Colin Anderson: He’s every bit as intense as he looks.
In 1978 Patrick Malahide appeared as investigative reporter Colin Anderson in the BBC-Scotland series The Standard. I posted before about how good it sounds, which you can read here. Well, now we (RFodchuk and I) have finally watched the first episode Golden Boy. Sadly, there don’t appear to be any other episodes available and this one has a visible time stamp, but (aside from the time stamp) it looks and sounds excellent.
RF: I was pleasantly surprised by how good the picture and colour quality was. It looked far better than some “Minder” episodes I’ve seen!
The Standard S01E01: Golden Boy
Radio Times cover of The Standard.
Admin: If the first episode is anything to go by, we can safely say it is a very good series. It wastes no time in getting to the point; the acting is excellent and the story is interesting. It fully deserves a DVD release!
RF: I totally agree. Seeing the first episode just whetted my appetite to see the rest, especially after all those enticing episode descriptions on the Action TV page. If they’re all as well written as the first, I’m in.
Admin: The Scottish Daily Standard is a struggling newspaper hemorrhaging money, hampered by over cautious, old fashioned editor James Kendal (Gerry Slevin) and an overzealous union head (albeit not overzealous in his reporting) Alex Forsythe (Tom Watson) who is more interested in calling mandatory chapel (union) meetings.
RF: Our first look at The Standard shows us (1) that they still have paperboys selling them – okay, maybe that wasn’t all that uncommon at that point in time, and (2) that it’s featuring a rather staid and boring headline, which gives us most of the background we need to understand their current situation. I’ve also never seen so many bakelite phones and manual typewriters in my life!
Peter Dawson. Thunderbirds Are Go!
Admin: Enter Englishman “Golden Boy” Peter Dawson (Neil Stacy) who is sent from London with proposals to either close The Standard for good or to invest £5 million for modernization. But, that will also mean changing the paper’s direction by intensifying the reporting and letting some people go.
RF: I realize Dawson is the nominal “Golden Boy” (is there a possibility he was intended to be the series focus?), but I wonder if that title couldn’t belong to Colin Anderson as well… foreshadowing the role he’s going to have in saving The Standard.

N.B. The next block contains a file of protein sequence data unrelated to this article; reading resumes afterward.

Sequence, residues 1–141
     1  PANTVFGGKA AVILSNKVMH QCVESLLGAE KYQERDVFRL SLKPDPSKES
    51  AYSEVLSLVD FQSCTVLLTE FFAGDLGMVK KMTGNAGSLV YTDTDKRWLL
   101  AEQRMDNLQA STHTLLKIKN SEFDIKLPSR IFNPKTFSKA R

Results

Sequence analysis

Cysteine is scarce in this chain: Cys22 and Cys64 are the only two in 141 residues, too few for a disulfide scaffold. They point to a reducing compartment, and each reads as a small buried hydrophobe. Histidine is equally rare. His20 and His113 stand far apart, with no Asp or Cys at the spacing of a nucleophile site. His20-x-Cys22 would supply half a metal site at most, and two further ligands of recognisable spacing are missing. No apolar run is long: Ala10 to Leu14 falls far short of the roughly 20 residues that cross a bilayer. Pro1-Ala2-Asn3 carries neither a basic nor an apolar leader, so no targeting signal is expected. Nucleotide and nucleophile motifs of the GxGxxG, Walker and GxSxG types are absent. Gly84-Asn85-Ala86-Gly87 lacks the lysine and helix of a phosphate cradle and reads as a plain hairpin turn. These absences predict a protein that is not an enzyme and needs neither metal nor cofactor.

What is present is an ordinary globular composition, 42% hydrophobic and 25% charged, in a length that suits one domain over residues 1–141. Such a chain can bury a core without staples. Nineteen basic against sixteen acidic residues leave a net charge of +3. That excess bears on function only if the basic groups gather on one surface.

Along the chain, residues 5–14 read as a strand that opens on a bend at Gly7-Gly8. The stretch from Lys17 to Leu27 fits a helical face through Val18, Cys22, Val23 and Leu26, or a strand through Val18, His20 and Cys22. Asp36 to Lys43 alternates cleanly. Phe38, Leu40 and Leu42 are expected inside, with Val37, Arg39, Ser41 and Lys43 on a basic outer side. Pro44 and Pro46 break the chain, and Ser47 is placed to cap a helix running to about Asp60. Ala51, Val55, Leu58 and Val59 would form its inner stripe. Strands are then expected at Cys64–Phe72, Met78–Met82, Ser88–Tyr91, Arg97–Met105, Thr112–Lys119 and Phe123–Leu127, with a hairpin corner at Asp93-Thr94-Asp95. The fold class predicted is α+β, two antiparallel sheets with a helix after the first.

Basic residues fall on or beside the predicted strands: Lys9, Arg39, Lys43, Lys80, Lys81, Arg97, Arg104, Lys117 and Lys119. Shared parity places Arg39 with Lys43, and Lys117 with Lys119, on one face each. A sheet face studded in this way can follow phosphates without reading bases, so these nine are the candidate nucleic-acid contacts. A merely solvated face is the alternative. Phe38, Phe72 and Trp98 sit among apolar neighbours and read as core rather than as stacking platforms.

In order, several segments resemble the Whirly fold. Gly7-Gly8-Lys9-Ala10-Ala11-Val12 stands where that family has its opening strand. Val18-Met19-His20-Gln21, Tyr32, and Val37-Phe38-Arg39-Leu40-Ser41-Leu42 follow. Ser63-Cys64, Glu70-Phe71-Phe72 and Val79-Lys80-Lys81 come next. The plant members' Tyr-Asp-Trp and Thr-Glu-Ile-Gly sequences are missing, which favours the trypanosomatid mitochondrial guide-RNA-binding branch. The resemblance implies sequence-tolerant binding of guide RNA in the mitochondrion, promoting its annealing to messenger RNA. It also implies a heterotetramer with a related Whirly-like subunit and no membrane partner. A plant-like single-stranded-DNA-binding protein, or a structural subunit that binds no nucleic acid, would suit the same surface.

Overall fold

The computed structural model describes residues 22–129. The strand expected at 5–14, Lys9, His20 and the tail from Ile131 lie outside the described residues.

Admin: Colin is the Platinum Boy.
RF: …which means he’ll have to invest in a silvery-white shirt and tie, unless he already has them.
Admin: Dawson has a bit of an ally with news editor Felicity Grant (Collette O’Neil). She is a go getter and longs to give the paper bite. She was with a paper called The Newcastle Argus which Dawson was able to turn around to profit, but not without cutting a few jobs. He admires Felicity and wants her on his side.
Felicity Grant: News Editor and Breck Girl.
RF: Felicity uses an alarming amount of hairspray, even by Rooolllahh Lenska standards! I’m also bemused by her Seventies smock fashions. We’re told several times, by several characters, what an utter rarity it is that The Standard employs a female news editor (and such an attractive one!, as they take pains to point out), without the slightest hint of irony. However, despite this one tiny smidgen of progressiveness, The Standard appears to be well-mired in the practices of the past. In a later scene, Felicity is in favour of “splashing” a story about an industrial fire that suggests something fishy at the company, but managing editor Kendal balks at the idea. He really doesn’t want The Standard getting into anything sticky or being “[turned] into a campaigning paper again” because it’s not their “style” any more.
Meet Colin Anderson
Admin: As mentioned, Alex Forsythe is more interested in union matters than in reporting. He is at a press conference where industrialist Jeremy Longmuir (Jerome Willis) will be discussing plans for factory expansion. Colin Anderson, hot shot investigative reporter working for a paper called The Chronicle, is there also.
Colin spies Alex Forsythe.
Admin: Clad in a bright red shirt, a necktie to match and a long blue coat, Colin stands out of the crowd. He greets Alex and is met with little enthusiasm. Colin reveals that he knows The Standard’s proprietors are ready to pull the plug being “cheesed off with disputes.” Alex plays dumb. Colin: “I thought you were the father of the chapel?” Alex reckons because of that the media company would make sure he was the last person to know. “Like me to make some inquiries for you,” asks Colin playfully. Alex calls him a “snide bastard” for his helpfulness.
Alex calls him a snide bastard. “Only offering to help.”
RF: Apparently Colin thinks you need a touch of red to go with red, sharing some sartorial sensibilities with other characters of Mr. Malahide’s. But hey, no one can argue that he doesn’t know how to match. Seriously, he’s the most brightly clad person in the room (and perhaps the best dressed as well in a sea of polyester), giving us an idea of his brash nature. And he is incredibly, delightfully brash as well as completely confident and outgoing. He’s got his ear to the ground, knowing all the Standard dirt even before its employees do. Like a certain other individual, he’s also good at reading people’s characters, knowing just where Alex is most vulnerable.
Admin: A young man, who Colin cheekily refers to as Andy Pandy, goes to the microphone to say that Longmuir has been delayed because of electric difficulties with his plane. We already knew that because “Golden Boy” Peter Dawson was traveling with him at the time which means he’s late for his meeting with The Standard.
RF: The reporters – an exclusively male group, of course – are mollified by the offer of free drinks, though. Colin’s already availing himself. Continue reading